Can You Argue Duress In Your Criminal Case?

Posted on: 30 April 2016

In most instances, people are held accountable for their own actions when a crime is committed. However, if the person committing the crime was compelled to act by another, there is a possible defense that could be used to justify the act. If you are facing criminal charges and plan to use duress as a defense, it is important you understand the strategy and its requirements. 

What Is the Duress Defense?

The duress defense basically states that you were compelled to commit a criminal act by another person under the threat of physical harm. Duress also applies to cases in which economic harm is threatened. 

In order for you to use the duress defense, your case has to meet certain requirements. If those requirements are not met, it is likely that your criminal defense attorney will recommend a different defense. 

Arguing the duress defense is not always an option. Whether or not you can depends largely on the crime that was committed. Murder is usually not excusable with this defense. 

What Are the Requirements?

There are several requirements to meet for the duress strategy, including a credible threat of violence or financial harm. For instance, if another person threatened to kill you if you did not rob a store, it might be considered duress.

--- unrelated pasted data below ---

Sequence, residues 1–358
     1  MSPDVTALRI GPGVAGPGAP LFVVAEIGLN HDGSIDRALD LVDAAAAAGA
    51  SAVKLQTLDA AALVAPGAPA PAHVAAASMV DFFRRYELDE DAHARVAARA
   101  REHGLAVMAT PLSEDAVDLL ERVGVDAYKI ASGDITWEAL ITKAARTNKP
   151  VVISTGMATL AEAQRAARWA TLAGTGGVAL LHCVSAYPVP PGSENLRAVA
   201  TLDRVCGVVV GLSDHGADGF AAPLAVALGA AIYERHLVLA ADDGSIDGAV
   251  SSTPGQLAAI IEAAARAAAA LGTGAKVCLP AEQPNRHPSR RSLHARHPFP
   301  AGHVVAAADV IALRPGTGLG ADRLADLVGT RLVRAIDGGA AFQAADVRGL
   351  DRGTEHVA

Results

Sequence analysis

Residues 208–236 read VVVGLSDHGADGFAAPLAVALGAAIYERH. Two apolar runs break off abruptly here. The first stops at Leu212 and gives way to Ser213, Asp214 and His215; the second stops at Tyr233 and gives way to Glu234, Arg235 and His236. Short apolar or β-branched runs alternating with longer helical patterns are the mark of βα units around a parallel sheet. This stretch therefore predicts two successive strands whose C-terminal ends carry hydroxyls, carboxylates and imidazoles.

The threat does not have to be limited to just you. If a family member, friend, or other third party were threatened, you could also claim duress. 

In addition to a threat of harm, you also need to prove that you genuinely believed the threat. If there is a history of abuse between you and the other person, you could point to it as the reason that you believed that harm against you was possible. 

You also have to prove that the threat was continuous and was active at the time that you committed the crime. If the threat was made a week before you actually acted, you might have trouble arguing the duress defense. 

The threat has to be active because the next requirement is that there must not be an available escape route. If the threat were made a week prior to the crime being committed, you most likely had an opportunity to escape, get help, and avoid committing the crime. 

Your attorney can help you determine whether or not arguing duress is the right move in your case. If not, he or she can help you find the right strategy to defend yourself. Contact professionals such as the Law Offices Of Jerald Silvia for more information.